The average power gotten from LTSpice simulation is around 10W and AC Analysis looks fine as well.

Thank you all for answers and helping, I will contact folks at DIY Audio, since I’m also interested in guitar amps, pedals etc.

I have not heard from you for a few days. Here is a link to a thread about amplifiers using the 2N3055 transistor. The thread has been running for over 16 years(!!) and has almost 900 posts. If you are REALLY serious about using that particular device, I’m sure there are viable designs in that thread.


1 Like

No, I did not simulate it.
Base and Emitter of Q3 are hard shorted to each other, how could that ever work?

Uros mentioned he did put it in Spice though???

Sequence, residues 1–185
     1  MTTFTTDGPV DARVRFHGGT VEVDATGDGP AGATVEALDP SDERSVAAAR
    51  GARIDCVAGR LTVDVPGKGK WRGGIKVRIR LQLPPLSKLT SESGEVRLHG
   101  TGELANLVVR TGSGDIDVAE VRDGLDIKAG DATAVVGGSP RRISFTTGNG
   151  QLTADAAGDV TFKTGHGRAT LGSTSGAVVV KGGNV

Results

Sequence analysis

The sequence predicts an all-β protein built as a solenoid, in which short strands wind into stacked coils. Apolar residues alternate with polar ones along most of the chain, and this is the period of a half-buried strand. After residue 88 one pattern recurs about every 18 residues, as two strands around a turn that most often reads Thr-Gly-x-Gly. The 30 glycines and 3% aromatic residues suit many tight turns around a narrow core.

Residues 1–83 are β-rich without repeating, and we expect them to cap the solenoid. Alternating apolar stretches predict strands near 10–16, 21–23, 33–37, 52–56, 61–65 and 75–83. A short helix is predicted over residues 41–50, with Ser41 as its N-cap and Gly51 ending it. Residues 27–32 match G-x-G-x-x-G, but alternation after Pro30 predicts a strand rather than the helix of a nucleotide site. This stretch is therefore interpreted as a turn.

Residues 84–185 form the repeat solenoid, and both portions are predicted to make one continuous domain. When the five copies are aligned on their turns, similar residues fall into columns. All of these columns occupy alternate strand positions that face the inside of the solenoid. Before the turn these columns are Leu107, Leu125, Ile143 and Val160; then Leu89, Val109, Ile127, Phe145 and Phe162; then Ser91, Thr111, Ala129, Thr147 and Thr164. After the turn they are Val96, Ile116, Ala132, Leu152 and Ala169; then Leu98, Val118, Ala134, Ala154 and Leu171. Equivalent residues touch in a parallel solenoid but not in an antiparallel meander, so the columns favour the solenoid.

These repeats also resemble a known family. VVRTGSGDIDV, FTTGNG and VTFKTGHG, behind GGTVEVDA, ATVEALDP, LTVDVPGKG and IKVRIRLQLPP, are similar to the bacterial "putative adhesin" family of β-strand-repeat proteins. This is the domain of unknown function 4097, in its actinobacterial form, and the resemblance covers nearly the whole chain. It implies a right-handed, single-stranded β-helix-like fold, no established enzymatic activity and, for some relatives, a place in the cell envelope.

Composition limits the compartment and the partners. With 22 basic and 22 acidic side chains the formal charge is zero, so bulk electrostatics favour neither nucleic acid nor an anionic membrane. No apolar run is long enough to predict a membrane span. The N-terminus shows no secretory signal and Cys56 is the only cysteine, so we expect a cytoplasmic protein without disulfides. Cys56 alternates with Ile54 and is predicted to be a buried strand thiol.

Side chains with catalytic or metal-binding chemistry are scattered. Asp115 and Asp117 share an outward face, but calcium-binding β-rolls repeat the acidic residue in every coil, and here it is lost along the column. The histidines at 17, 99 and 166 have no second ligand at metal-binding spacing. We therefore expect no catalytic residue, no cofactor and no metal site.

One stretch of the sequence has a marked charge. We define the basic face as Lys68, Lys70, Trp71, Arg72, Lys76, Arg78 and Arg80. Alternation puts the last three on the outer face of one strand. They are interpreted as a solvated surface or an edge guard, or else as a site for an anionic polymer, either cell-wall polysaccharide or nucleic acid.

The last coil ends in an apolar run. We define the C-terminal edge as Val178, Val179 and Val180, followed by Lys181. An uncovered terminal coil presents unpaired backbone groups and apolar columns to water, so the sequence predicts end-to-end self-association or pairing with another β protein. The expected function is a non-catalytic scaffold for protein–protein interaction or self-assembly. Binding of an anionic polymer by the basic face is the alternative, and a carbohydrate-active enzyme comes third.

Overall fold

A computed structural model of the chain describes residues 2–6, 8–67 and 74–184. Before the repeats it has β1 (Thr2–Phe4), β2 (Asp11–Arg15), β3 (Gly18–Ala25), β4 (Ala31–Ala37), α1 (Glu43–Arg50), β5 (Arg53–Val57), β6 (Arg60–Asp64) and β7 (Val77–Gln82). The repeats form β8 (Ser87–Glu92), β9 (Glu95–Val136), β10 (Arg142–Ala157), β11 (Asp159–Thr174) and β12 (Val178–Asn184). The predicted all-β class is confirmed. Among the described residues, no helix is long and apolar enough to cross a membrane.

My apologies for the confusion, Paul. Although my post is a reply to yours, I really meant to address my questions to @Uros_Jankovic , the thread initiator.

(Actually, I meant to supplement and expand your comments regarding errors and questionable connections in the schematic in Post #5.) I hope we hear from @Uros_Jankovic before long, because I think it could be satisfying to help him walk through this project.



Maybe Russell Edwin Nash can help us understand each other with his great prize he won in 1986. :slight_smile: